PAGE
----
The specification describes the invention under two distinct heads; the first, which is the most practical of the two, is explained as consisting of a hollow trunk with a platform of iron on the top for waggons or other carriages to roll upon; inside the trunk is placed a machine, called by the patentee a mechanical horse, to which is connected a toothed wheel, that is made to revolve in a horizontal plane, and to take into the teeth of a horizontal straight rack fixed on one side of the hollow trunk. The vertical axis of the horizontal toothed wheel passes through a longitudinal opening in the wheel-way; above which it is connected to a locomotive steam-engine, and is actuated thereby; through the medium of bevil gear the motion thus communicated to the latter by the engines is applied by the vertical axis to the horizontal wheel of the mechanical horse, inside the hollow trunk; and as the horizontal wheel is geared into the toothed rack, which is fixed on one side of the trunk, the mechanical horse of necessity moves forward with the same velocity as the horizontal wheel is made to revolve by the power of the engine.

This will be understood upon reference to the annexed figure, which affords a longitudinal section of the mechanical horse, and the hollow trunk or wheel-way. a is a vibrating cylinder, and b the boiler of a locomotive engine, by which the bevil gear e d is actuated, and through the medium of the vertical axis e, the horizontal toothed wheelfwhich takes into a toothed rack g; the mechanical horse h is made to advance in its course, and to take with it the engine and the train of waggons that may be in connexion. ww is the wheel-way, and t t the hollow trunk. As the top of the wheel-way is supposed to be flat, and the carriages without lateral flanges to their tires, it is proposed to guide the carriages by means of tongues like that at i, which enters the longitudinal apeture, and which may be provided with an antifriction roller to prevent lateral rubbing. The inventor proposes to adopt a similar arrangement to the foregoing for the towing of barges, by erecting his patent wheel-ways by the sides or banks of canals and rivers.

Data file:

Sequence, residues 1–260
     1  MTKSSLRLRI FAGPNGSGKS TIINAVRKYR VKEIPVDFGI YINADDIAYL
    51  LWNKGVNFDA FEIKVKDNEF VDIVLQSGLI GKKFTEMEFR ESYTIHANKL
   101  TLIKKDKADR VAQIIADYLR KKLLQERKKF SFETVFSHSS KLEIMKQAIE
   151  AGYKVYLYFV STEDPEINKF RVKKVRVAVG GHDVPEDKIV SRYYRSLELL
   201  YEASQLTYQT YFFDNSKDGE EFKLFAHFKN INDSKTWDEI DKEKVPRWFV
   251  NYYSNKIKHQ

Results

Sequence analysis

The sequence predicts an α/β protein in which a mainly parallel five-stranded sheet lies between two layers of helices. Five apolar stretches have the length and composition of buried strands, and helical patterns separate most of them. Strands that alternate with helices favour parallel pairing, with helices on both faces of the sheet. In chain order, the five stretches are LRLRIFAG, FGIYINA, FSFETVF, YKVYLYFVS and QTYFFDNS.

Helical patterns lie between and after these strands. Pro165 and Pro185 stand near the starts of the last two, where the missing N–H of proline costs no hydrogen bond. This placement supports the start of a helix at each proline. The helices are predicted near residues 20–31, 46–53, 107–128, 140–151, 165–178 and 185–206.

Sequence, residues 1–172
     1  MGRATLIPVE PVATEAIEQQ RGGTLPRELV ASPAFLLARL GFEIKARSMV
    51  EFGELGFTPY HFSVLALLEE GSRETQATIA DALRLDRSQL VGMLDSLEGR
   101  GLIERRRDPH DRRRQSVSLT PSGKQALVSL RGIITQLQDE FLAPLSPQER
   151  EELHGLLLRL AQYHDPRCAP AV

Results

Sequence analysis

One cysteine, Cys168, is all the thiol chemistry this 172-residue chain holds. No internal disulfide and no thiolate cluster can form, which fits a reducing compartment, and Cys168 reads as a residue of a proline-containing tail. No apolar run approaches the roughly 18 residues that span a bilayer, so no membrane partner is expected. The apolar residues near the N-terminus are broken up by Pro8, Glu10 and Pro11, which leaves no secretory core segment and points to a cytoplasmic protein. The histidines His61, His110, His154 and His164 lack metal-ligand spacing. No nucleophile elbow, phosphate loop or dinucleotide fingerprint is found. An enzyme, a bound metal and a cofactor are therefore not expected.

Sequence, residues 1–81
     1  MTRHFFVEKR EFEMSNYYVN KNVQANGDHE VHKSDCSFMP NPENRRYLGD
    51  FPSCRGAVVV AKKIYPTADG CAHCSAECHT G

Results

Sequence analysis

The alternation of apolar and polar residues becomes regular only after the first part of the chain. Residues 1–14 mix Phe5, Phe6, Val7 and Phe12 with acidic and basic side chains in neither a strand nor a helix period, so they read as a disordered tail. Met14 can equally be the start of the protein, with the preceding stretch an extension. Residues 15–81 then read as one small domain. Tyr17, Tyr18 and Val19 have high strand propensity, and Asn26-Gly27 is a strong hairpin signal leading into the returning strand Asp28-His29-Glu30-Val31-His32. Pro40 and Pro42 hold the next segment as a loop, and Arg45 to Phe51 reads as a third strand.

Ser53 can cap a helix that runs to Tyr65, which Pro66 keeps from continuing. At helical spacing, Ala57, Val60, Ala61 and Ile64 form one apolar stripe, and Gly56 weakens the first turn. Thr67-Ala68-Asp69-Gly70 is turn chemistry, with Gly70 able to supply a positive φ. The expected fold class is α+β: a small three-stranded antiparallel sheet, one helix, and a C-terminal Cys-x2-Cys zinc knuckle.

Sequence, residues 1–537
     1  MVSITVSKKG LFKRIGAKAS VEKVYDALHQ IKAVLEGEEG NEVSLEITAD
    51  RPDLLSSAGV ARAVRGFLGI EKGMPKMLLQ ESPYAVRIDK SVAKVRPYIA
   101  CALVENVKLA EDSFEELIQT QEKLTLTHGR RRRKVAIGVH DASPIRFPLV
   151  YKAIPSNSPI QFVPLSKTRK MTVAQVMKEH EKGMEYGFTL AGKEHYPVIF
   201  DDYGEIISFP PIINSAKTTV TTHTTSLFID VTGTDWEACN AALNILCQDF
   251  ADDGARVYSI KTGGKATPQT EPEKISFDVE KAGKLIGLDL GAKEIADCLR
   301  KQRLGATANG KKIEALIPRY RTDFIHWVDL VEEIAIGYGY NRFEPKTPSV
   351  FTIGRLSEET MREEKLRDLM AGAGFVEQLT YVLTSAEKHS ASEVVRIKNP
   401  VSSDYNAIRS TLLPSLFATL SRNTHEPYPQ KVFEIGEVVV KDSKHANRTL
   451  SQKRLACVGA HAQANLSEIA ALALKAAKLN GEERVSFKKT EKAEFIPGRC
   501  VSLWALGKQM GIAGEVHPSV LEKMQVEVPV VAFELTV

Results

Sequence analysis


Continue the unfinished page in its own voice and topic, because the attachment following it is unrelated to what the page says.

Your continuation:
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In the preceding pages are given some plans for the employment of toothed racks to railways, to enable a carriage, provided with a toothed wheel, taking into the teeth of the rack, to obtain sufficient resistance to ascend steep inclined planes: but the former were subject to the disadvantage of a strain or twist, the rack in them being placed on one side of the way. To obviate this defect appears to have been the object of Mr. Josiah Easton, who took out a patent, dated the 13th October, 1825, for "certain improvements in locomotive or steam carriages, and also in the manner of constructing the roads or ways for the same to travel on." The following brief description of this invention is given in the London Journal of Arts, Vol. XI.: - " These improvements consist, first, in forming a line of road, with a raised part along the middle, upon which a rack, or toothed bar of iron is placed; and secondly, in adapting a toothed wheel to the steam carriage, which shall take into the said rack, and being actuated by the rotatory power of the steam-engine, shall thereby cause the carriage to be impelled forward upon the line of railroad, and the trams or other waggons after it."